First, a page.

Why Is India Bad at Sport? (Page 4 of 4)

And, while the Commonwealth Games brought with them their own fair share of shame, athletes say that even badly organised international events leave an infrastructure legacy of some sort.

‘Overseas, swimmers have competitive events almost weekly,’ Sejwal says. ‘But we managed only four or five events a year. There’s nothing like swimming in your home town.’ And he adds that quantity doesn’t negate the need for quality as far as sports facilities go. He notes, for example, that that despite Delhi boasting more than a dozen Olympic-sized pools, few are suitable for training in that they’re either poorly maintained or regularly used for public events.

But building on the increased momentum behind infrastructure will anyway require more than just upgrading and improving facilities—it will also require a change in the way sport is viewed in India.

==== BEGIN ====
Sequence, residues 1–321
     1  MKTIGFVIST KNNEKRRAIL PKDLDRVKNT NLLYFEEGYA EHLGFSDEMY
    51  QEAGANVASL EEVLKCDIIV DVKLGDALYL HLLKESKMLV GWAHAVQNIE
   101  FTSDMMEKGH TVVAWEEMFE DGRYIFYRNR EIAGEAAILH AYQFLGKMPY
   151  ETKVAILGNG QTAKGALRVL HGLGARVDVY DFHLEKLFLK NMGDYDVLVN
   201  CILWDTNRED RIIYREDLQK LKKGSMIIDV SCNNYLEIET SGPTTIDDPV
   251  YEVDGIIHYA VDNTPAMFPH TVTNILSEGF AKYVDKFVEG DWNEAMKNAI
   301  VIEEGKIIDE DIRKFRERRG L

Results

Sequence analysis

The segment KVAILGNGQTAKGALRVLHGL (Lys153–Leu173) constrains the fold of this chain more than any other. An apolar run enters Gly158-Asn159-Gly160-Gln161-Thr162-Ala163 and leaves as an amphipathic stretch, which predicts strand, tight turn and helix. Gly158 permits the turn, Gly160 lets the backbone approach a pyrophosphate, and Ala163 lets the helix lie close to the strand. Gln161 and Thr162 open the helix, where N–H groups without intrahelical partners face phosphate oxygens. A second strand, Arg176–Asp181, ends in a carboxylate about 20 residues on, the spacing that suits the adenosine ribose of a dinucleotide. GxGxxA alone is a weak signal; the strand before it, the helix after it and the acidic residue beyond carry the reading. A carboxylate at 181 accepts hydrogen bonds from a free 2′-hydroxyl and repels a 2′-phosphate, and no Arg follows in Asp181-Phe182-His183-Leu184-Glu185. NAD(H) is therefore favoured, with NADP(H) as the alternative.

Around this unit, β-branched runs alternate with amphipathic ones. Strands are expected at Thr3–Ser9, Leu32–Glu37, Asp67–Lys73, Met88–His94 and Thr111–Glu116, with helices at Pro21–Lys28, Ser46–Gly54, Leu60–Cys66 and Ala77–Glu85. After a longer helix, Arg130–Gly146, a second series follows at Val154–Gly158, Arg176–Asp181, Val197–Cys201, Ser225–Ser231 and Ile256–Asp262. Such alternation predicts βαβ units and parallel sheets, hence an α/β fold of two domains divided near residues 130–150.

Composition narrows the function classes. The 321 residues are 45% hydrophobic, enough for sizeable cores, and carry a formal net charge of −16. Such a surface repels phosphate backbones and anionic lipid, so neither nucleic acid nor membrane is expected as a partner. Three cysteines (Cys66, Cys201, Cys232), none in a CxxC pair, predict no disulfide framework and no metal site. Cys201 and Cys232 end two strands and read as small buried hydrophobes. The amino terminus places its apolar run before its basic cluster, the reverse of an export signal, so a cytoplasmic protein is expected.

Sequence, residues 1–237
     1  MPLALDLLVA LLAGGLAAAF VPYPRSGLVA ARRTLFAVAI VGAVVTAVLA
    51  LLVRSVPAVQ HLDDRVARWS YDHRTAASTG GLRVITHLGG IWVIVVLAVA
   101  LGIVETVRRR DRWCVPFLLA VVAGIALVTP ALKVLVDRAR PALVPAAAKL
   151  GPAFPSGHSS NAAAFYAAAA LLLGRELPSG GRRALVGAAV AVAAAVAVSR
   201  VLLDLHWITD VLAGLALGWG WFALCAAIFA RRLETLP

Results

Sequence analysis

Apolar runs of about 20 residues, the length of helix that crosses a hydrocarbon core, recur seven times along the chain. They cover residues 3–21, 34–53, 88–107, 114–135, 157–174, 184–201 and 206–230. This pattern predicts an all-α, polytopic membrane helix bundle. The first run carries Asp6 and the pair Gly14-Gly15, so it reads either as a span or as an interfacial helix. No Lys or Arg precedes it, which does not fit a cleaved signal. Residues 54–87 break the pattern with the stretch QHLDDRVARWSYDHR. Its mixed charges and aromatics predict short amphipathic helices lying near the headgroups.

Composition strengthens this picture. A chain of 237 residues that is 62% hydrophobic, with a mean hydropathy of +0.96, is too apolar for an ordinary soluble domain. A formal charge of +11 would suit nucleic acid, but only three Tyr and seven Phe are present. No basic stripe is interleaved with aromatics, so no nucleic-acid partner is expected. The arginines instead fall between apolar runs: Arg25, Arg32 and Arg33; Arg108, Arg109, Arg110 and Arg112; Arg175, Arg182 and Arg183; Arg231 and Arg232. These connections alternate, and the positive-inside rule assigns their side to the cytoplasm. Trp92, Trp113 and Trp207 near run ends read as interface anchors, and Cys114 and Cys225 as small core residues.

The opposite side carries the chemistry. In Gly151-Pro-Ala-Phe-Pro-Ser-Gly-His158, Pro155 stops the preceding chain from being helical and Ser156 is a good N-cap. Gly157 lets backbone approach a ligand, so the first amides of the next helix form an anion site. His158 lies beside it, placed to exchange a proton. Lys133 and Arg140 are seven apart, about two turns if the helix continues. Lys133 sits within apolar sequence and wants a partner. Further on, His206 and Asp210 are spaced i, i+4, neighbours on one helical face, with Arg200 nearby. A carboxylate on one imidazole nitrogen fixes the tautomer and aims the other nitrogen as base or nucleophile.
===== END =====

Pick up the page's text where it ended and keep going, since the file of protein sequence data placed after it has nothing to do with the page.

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‘The Indian psyche and Indian parent has always been deeply focussed on academics,’ says Aditya Kaura, a former management consultant who left his job last year to launch the LeapStart initiative. ‘But, the younger parents we interact with are much more open. There’s a clear shift, a definite appreciation that sport is a viable career.’

LeapStart works with 12,000 school students in five cities to focus on sports skills and fitness, including a physical education programme that starts with children in kindergartens. ‘If (parents) think their child has superior hand eye coordination, they now want to take that talent further,’ Kaura says.

And for many Indians, that’s where the hope for improvement now lies. In a sector that has been mired in inefficiency, recent achievements show the promise of a brighter sporting future. It’s initiatives like these that provide the plank from which athletes like Sejwal are taking their leaps of faith from.

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